Toxic employees can infect other staff and bring down morale. The negative cultures they create can bring down the organization.

But short of firing everyone and starting again, how do you build a team that trusts each other? Here are three steps to repairing the damage and building a culture of trust.

Who are you?

The first step starts with identifying the value of trust with the organization. Each organization may be different.

For example, financial services organizations have an essential need for trust as part of their operating model. High-stress, fast-paced work environments require trust to support the intensity and pace of operations.

Second, the reason for the emphasis on trust needs to be clearly spelled out and articulated to employees. This should include examples of what it looks like (and does not look like). It should also include visible steps from management to support and emphasize it.

For example, if gossip is currently undermining teamwork, then calling it out with examples like, do not start sentences with he/she/they is a great start. Following up with ways to constructively address issues, like asking staff to bring solutions to problems or facilitating meetings to directly address issues between team members, can clearly illustrate and support building a foundation of trust.

Perfect vs. Good

In his TED Talk, Joe Gebbia, the co-founder of Airbnb, talks about the pivotal role of trust within their business model. By creating a platform that facilitates strangers sharing homes and vacations, trust was essential to success. A critical part of ensuring they got it right was ensuring they were open to change.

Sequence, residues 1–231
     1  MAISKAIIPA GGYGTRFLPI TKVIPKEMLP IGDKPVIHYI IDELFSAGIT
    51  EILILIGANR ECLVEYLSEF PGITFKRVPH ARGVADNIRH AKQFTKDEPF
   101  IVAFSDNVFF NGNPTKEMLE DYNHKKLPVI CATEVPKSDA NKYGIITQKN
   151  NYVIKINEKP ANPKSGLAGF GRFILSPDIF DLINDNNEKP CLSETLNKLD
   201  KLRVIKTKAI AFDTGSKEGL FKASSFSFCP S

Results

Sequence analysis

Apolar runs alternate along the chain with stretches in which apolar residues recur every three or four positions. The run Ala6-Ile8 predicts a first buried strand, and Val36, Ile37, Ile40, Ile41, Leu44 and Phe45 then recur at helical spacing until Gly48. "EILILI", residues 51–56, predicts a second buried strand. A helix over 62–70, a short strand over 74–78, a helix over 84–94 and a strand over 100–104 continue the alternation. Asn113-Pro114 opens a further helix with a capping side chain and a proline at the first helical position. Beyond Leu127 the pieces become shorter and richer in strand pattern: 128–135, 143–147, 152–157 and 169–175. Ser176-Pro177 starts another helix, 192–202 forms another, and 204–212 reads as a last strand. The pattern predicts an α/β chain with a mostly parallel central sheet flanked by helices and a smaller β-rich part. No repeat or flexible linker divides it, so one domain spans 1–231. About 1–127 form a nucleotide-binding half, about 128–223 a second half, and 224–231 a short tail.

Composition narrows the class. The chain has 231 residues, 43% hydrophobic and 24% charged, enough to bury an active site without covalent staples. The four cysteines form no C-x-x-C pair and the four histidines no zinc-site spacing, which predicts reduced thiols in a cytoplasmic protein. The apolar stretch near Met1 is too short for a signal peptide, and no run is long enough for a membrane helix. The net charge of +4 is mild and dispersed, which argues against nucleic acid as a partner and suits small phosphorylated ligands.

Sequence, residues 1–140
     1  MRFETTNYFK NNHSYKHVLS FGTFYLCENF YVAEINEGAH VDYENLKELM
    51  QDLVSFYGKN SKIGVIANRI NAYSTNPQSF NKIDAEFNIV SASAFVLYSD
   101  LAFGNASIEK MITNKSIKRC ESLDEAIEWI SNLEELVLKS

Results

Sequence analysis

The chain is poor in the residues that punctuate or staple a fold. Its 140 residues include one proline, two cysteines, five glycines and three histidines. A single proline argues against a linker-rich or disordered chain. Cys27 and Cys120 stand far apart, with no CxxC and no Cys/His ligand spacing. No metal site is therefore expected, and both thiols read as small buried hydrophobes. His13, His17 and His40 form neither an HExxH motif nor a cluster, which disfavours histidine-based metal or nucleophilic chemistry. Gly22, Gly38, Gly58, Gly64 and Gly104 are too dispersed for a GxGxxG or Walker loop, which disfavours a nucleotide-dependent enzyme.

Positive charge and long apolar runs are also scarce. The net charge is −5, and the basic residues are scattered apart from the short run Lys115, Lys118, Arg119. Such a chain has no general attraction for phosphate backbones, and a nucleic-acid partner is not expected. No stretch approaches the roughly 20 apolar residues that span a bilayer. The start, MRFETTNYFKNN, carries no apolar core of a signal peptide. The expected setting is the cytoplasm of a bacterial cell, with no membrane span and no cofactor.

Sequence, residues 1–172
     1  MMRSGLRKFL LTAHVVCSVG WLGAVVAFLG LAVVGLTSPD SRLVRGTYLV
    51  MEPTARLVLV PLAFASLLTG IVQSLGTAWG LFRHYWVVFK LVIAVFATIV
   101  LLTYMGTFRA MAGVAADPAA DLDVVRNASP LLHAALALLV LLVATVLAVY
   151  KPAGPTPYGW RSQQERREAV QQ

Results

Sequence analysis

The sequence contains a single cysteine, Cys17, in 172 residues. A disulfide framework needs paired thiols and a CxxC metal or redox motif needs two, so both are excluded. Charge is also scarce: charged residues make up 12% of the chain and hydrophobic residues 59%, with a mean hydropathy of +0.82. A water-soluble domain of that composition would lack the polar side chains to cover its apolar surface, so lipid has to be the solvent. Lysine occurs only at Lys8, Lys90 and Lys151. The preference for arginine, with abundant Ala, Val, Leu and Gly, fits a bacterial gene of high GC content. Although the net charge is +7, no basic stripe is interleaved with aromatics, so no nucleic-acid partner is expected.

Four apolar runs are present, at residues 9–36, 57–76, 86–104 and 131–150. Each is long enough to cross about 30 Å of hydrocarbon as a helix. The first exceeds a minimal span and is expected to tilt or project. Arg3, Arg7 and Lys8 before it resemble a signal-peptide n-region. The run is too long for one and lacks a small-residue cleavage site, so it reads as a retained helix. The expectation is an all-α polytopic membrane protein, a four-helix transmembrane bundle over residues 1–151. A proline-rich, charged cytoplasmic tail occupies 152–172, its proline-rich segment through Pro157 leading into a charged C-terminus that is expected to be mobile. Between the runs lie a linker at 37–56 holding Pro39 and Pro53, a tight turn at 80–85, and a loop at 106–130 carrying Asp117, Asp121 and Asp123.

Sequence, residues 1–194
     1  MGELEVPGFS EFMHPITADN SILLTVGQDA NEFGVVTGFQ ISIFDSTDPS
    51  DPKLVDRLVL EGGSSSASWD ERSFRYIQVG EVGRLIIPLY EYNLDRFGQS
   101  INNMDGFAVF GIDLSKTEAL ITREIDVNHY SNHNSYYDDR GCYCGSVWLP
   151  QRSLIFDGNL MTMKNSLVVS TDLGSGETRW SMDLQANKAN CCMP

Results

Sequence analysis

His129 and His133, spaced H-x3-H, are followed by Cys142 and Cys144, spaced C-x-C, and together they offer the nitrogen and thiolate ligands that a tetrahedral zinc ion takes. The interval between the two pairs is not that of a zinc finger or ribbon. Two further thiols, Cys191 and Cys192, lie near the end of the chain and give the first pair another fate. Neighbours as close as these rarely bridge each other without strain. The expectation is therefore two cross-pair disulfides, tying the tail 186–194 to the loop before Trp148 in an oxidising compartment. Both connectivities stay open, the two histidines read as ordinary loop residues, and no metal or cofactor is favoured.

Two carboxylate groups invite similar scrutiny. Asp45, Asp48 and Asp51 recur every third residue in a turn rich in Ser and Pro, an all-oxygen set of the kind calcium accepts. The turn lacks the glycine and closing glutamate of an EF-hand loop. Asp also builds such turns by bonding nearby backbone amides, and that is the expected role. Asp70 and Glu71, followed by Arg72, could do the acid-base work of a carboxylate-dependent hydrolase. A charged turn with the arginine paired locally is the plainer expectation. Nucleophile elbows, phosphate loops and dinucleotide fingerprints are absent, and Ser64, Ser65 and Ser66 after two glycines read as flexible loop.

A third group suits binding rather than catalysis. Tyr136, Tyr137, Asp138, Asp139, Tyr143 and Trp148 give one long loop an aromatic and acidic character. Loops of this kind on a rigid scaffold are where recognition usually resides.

By clearly articulating and emphasizing the importance of trust to the success of the business, every decision had to incorporate the concept.

Failures in the ability to trust had to be immediately and creatively addressed; from what information to share and how much to posting reviews simultaneously instead of as provided, all aspects of the business were considered through a lens of trust.

Similarly, Gebbia distilled the idea of the Airbnb down to one phrase that can be useful to any business trying to rebuild or strengthen trust: “commerce with the promise of human connection.” In other words, all our businesses are about making money; the thing that elevates (or repairs) the culture is the connections among employees.

Thus, the third step in building a culture of trust is focusing on the human connection. As leaders, we can robotically spew out adages and mimic best practices.

However, the way to genuinely and positively impact the culture is to take the time to understand the humans that work for us and how they interact with each other within the work environment we create.

In other words: do our creatives need alternative hours to harness their muses? Do our engineers need headphones and lots of snacks? Does the marketing team understand that happy hour on Tuesday interferes with the accountants trying to finish month-end?

By looking at what trust can and should mean to our organization, understanding how to articulate and convey it, and then buckling down to specifically address the unique needs and interactions among our teams, we can begin to repair and strengthen trust within our culture.